The 2006–2020 Climate Normals includes data from more than 13,000 stations reporting precipitation and more than 5,500 stations reporting temperature. Of the stations reporting precipitation, more than 1,600 have adequate observations to report snowfall and snow depth normals. About 1,150 stations report hourly normals.
What do climate normals tell us about global warming or climate change?
Climate Normals were not developed to track or document climate change, but instead to characterize the current climate. However, the differences between each installment do provide some evidence of climate change. This is especially apparent if current normals are compared to a long term average, such as the 1901-2000 20th Century Average often used by the NCEI Monitoring Section to compare to long time series of climate variables.
What are heating and cooling degree days? What are growing degree days?
Heating and cooling degree days are energy demand metrics associated with the variation of mean temperature across space and time. Growing degree days are climate metrics that measure the temperature inputs into agricultural systems, also as a function of mean temperature.
Degree day computations use certain threshold temperatures (e.g., 65°F for heating and cooling degree days, 50°F for growing degree days ) as base temperatures, and accumulate degree day metrics daily as departures from these baselines. Different baselines are useful for different assessments, so the Climate Normals product provides access to numerous degree day normals types with different baselines.
Does the 1991–2020 installment include Supplemental Temperature Normals?
Supplemental Temperature Normals were not developed for 1991–2020. Instead, an entire suite of 15-year normals for 2006-2020 have been calculated for all variables using the same methods used for the 30-year normals. The 15 year normals are optimized for use cases that require more recent climate information, such as predicting energy system loads and other economic decisions.
However, NCEI partners at the High Plains Regional Climate Center have developed a custom climatology tool that allows users to calculate monthly temperature normals for any time frame within the current period for the same set of stations as the conventional normals.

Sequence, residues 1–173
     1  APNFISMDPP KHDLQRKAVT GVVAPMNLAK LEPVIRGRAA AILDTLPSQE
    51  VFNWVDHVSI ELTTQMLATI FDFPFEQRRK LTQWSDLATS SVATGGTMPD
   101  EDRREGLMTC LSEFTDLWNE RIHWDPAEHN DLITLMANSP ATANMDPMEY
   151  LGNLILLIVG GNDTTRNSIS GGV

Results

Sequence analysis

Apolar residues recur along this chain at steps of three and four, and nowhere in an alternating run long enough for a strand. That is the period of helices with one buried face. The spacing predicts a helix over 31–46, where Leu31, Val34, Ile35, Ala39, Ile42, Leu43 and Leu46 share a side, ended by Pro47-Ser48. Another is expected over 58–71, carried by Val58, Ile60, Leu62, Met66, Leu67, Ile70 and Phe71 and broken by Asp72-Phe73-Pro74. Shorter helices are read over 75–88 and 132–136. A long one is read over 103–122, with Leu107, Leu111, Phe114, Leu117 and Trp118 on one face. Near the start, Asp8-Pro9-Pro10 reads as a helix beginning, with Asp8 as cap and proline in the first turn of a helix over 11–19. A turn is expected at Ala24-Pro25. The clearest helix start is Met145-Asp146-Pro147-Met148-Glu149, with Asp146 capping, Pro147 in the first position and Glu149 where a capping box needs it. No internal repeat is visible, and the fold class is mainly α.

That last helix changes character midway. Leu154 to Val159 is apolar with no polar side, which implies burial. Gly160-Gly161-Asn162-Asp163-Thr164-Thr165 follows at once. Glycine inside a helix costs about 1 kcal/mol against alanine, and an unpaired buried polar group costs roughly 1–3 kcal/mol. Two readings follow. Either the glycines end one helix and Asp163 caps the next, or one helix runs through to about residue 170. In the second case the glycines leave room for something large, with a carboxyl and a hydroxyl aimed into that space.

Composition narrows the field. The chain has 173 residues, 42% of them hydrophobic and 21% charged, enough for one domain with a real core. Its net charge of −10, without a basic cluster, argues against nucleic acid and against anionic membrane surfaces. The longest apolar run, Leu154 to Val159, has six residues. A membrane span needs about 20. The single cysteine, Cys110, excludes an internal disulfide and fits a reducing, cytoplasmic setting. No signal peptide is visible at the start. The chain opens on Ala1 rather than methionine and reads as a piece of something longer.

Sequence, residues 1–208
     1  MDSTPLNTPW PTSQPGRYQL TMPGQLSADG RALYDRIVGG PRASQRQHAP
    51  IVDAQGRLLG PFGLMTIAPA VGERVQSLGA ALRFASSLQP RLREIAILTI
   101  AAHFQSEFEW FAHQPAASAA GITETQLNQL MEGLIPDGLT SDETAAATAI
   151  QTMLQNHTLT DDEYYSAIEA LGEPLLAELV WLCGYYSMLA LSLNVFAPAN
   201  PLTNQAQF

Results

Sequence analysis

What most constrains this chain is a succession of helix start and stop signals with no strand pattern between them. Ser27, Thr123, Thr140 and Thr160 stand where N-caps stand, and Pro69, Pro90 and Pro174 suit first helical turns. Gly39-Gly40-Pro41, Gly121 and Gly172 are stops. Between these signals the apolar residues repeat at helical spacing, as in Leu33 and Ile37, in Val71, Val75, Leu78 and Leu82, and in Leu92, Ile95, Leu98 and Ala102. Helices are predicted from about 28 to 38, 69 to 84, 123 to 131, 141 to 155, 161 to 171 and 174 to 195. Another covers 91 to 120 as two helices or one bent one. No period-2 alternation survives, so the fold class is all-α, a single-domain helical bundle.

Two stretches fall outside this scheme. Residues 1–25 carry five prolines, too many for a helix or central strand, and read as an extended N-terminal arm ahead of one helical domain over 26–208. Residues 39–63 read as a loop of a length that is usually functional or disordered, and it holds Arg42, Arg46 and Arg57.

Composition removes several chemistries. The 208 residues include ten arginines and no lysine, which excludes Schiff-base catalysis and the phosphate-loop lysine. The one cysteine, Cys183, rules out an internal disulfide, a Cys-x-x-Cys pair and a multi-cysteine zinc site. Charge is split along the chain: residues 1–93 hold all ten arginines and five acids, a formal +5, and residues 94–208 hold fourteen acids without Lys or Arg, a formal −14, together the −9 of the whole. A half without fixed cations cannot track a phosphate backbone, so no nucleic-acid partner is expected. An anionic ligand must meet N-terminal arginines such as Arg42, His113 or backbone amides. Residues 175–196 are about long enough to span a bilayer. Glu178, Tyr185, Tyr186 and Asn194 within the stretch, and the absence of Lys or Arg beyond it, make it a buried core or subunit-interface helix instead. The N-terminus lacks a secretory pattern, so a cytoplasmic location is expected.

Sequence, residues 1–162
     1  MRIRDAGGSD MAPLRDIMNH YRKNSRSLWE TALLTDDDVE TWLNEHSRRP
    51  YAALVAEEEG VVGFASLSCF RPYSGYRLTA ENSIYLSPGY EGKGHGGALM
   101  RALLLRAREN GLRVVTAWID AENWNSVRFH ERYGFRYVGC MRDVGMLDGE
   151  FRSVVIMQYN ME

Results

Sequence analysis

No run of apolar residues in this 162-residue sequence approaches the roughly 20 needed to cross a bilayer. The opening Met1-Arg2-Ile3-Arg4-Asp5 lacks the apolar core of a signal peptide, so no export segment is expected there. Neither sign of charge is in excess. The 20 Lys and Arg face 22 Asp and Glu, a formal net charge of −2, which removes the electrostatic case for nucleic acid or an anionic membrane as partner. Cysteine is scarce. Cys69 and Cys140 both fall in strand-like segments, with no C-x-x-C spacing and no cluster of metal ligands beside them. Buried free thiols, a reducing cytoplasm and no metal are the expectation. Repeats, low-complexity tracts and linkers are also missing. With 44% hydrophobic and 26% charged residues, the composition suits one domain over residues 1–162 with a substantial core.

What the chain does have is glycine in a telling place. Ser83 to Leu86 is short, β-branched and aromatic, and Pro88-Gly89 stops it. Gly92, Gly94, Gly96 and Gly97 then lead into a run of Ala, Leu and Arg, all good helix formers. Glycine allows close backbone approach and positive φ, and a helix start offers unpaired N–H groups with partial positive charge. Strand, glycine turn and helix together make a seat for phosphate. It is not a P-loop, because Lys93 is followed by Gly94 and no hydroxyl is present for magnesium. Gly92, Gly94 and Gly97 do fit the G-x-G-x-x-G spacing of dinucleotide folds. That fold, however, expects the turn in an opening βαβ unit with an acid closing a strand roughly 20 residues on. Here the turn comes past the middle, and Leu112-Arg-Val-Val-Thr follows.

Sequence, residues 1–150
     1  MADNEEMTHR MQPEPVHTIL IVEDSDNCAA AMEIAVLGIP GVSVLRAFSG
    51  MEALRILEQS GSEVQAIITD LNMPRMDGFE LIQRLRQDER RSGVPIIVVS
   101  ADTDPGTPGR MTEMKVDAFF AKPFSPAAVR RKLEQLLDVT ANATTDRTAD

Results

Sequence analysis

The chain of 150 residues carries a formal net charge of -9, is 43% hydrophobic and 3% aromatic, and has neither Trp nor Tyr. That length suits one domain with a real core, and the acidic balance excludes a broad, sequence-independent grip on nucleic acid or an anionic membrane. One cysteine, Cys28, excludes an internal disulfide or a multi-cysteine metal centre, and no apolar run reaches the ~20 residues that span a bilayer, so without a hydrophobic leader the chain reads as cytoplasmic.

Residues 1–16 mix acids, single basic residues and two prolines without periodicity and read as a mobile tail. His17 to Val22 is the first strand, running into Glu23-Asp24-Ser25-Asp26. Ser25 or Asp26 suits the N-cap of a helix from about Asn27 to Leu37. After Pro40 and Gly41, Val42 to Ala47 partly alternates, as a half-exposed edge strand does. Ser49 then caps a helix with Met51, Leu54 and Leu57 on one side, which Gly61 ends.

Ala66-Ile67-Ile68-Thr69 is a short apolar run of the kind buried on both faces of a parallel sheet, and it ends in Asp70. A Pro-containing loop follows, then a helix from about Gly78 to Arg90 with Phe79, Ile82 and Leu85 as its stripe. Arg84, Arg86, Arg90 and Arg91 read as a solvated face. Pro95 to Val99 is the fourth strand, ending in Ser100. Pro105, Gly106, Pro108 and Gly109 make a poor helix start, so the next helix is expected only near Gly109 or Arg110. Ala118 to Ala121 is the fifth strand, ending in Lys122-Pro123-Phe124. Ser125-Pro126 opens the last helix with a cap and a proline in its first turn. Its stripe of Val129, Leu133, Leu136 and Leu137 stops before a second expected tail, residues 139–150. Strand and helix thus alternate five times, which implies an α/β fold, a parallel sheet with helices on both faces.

Do other agencies and individuals compute their own Climate Normals?
Yes. Many agencies, including the NOAA Climate Prediction Center, develop their own averages and change base periods for specific applications and/or internal use. Similarly, numerous individuals calculate their own Climate Normals for a variety of reasons. NCEI is the official source for the conventional 30-year U.S. Climate Normals.
1981–2010 U.S. Climate Normals Access Methods
Quick Access Tool
Search for temperature and precipitation Climate Normals from over 9,800 stations across the United States. Find annual, seasonal, monthly, daily, or hourly Normals by location using a map or by location and station names.
Supplemental Monthly Temperature Normals
This special product provides multiple estimates of monthly temperature normals using different definitions of the normal time period (other than 30 years) so users can make better-informed decisions tuned to their planning applications. The supplemental monthly temperature normals include 4,463 stations across the the U.S. Values are presented in tabular format and available as PDF files.
Use the interactive map to search for temperature and precipitation normals by station, zip code, city, county, or state as well as other normals variables, which include snowfall, heating and cooling degree days, frost and freeze dates, and growing degree days.
U.S. Climate Atlas
This tool provides access to maps of average monthly and annual minimum temperature, maximum temperature, and total precipitation. Monthly maps of minimum temperature, maximum temperature, and precipitation from 1895 through 2015 are also available, as well as map animation and comparison tools.
Download CSV/ASCII versions of the full suite of Climate Normals products from our HTTPS area.